A wealthy North Carolina businessman, whose political bribery conviction was overturned earlier this year, will get a new trial in March, a federal judge said Monday.
Greg Lindberg served some 20 months at a minimum-security prison camp in Alabama after he was convicted of trying to bribe North Carolina Insurance Commissioner Mike Causey. Causey wore a wire and cooperated with the FBI in the case. The scandal also took down the then chairman of the North Carolina Republican Party, former U.S. Rep. Robin Hayes.
But U.S. District Court Judge Max Cogburn gave the jury poor instructions on a key element of the 2020 case, according to panel of 4th Circuit Court of Appeals judges, who unanimously threw out Lindberg’s conviction in June. Cogburn set an initial schedule for the new trial Monday, with a start date of March 6, 2023.
As before, the trial will be held in a federal courtroom in Charlotte. The U.S. Attorney for the Western District of North Carolina will again prosecute on bribery charges, and Causey is expected to testify, as he did before. The case will also proceed against John Gray, a Lindberg consultant found guilty in the initial case.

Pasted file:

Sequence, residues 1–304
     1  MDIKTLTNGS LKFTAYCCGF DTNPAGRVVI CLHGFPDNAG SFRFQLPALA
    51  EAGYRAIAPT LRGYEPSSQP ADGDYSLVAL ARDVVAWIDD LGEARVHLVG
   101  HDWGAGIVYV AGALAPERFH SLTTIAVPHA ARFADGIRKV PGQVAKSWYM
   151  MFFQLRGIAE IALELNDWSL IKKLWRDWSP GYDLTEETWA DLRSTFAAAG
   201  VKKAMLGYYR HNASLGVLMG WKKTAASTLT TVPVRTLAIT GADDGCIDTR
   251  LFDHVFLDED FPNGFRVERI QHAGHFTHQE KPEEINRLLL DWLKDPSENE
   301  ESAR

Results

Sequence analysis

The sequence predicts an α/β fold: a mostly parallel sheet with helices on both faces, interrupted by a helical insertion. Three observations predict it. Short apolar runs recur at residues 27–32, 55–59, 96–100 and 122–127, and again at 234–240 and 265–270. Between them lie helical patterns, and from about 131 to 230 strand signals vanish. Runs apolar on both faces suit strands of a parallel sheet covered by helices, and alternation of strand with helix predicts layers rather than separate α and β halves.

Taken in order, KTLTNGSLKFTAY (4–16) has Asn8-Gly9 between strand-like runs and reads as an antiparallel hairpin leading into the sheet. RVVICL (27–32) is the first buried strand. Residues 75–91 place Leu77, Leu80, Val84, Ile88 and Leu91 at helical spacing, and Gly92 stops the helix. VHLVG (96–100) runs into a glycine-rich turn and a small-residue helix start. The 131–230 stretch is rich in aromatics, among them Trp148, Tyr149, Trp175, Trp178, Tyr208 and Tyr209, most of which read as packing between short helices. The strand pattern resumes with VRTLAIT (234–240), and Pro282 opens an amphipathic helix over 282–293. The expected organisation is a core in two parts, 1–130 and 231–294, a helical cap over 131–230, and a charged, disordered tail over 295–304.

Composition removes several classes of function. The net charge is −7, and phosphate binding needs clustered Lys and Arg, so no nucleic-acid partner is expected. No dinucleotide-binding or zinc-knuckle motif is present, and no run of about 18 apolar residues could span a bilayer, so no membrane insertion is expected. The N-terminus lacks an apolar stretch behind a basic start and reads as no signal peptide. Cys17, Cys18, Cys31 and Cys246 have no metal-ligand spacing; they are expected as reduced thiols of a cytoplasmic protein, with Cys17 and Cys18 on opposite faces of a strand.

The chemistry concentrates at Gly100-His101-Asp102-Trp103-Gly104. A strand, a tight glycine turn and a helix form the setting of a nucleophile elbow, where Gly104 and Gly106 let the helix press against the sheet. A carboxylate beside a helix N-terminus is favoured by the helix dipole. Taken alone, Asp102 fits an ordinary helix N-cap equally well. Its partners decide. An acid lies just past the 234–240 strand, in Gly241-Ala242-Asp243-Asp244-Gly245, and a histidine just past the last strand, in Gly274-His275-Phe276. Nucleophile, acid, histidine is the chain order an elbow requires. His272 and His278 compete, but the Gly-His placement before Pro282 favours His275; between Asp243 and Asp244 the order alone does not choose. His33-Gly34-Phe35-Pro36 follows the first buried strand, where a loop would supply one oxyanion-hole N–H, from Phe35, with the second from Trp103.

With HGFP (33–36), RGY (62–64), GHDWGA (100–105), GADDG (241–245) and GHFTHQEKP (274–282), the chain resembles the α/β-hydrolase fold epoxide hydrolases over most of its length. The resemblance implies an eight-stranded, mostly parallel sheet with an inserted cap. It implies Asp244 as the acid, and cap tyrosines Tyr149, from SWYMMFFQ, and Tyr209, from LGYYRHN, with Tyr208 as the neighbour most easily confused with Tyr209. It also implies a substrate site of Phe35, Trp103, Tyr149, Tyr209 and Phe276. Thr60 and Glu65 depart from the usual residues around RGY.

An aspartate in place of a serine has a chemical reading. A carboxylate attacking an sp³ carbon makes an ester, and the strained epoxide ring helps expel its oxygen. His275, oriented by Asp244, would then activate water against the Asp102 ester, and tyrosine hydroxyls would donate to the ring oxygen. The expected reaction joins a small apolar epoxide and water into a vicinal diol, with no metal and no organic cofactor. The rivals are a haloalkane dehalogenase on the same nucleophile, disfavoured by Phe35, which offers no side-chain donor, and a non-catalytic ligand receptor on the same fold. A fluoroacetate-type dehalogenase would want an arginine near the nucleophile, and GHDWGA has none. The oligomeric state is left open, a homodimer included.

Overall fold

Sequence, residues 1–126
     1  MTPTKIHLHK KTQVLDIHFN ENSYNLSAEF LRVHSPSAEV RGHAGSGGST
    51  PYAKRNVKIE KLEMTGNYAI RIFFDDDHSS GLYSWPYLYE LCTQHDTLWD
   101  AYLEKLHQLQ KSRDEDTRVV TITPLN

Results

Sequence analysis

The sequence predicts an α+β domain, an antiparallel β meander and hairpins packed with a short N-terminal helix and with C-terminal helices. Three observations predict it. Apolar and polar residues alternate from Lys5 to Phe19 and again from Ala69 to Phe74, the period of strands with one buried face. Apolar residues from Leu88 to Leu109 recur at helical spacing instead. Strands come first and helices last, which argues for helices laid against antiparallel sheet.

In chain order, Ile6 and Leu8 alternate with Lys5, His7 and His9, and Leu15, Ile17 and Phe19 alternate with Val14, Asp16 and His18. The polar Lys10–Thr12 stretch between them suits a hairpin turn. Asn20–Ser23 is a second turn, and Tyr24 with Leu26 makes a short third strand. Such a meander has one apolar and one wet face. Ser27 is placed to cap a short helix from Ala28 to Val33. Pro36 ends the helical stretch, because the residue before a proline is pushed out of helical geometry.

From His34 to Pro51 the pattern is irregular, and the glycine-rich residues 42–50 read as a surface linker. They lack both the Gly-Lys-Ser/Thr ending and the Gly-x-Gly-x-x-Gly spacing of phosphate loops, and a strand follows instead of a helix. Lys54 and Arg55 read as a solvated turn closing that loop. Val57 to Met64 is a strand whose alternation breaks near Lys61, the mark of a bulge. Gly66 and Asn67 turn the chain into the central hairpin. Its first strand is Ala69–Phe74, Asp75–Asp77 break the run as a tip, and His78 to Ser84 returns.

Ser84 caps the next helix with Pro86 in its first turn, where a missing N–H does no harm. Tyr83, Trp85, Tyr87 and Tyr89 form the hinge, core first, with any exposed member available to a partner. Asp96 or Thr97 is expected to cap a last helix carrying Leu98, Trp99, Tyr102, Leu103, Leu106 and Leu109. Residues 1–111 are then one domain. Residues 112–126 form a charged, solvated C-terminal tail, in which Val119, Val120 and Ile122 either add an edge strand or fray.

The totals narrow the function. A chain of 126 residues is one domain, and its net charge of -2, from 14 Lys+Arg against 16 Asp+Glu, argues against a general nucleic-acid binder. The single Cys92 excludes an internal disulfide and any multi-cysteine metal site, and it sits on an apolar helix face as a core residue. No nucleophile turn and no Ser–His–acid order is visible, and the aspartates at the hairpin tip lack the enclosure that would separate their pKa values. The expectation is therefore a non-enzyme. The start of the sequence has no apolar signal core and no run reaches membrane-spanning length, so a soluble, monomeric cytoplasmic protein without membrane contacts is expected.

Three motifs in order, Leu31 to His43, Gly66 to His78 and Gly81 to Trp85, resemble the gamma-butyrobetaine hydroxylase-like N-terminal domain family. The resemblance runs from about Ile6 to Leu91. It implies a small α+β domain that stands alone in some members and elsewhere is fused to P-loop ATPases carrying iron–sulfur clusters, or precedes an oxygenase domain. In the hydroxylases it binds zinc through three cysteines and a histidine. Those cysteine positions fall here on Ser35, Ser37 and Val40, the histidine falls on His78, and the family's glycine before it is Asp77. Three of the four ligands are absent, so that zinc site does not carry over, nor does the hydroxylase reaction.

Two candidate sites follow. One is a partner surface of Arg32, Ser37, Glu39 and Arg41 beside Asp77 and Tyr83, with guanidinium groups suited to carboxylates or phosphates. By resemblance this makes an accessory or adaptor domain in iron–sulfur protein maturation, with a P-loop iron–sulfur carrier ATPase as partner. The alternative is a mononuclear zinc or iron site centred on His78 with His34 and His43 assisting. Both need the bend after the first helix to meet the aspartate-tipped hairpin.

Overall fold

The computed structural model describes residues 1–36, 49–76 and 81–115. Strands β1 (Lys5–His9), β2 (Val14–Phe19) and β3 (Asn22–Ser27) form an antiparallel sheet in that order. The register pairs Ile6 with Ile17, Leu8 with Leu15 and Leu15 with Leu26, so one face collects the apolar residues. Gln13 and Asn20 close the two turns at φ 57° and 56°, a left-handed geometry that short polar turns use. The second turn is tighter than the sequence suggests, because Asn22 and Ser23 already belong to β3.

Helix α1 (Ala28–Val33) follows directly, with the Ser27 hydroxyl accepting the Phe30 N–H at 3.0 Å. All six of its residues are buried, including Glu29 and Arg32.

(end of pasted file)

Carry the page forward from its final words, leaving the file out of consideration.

Hayes cut a deal with prosecutors, pleading guilty to lying to federal agents. He received no jail time and was later pardoned by President Donald Trump. A fourth defendant in the first case, John Palermo, was found not guilty.
Lindberg spokeswoman Susan Estrich said in a statement Monday that Lindberg looks “looks forward to the opportunity to clear his name in the court of law as well as the court of public opinion.”
“We hope that by the end of the trial, it will be apparent that Mr. Lindberg is a law-abiding, character-driven person who has led a life in which doing good takes an equal role to doing well,” Estrich said in an emailed statement.
Lindberg was sentenced to more than 7 years prison the first time around, with a jury finding that he tried to bribe Causey with campaign donations in exchange for a softer regulatory touch on insurance companies that he owned in North Carolina. Those companies have since been taken over by the state, and the legal team unwinding the companies’ investment strategies, which involved hundreds of smaller companies, say Lindberg and the entities he funneled money to owe the insurers more than $1 billion.
A North Carolina Superior Court judge agreed with that assessment earlier this year, ruling in a separate civil case that Lindberg defrauded his own companies. Lindberg disputes that, and the executive team he left in place at those insurance companies has pushed back against the state’s plan to rehabilitate the insurance companies.
There may be a second FBI investigation into Lindberg’s business practices. It’s existence was revealed in early 2020 because the state-hired rehabilitator for Lindberg’s insurance companies was subpoenaed in the case, but the status is not known, and federal investigators have repeatedly refused comment.
The U.S. Attorney’s Office for the Western District of North Carolina did not immediately comment Monday on plans for Lindberg’s new trial.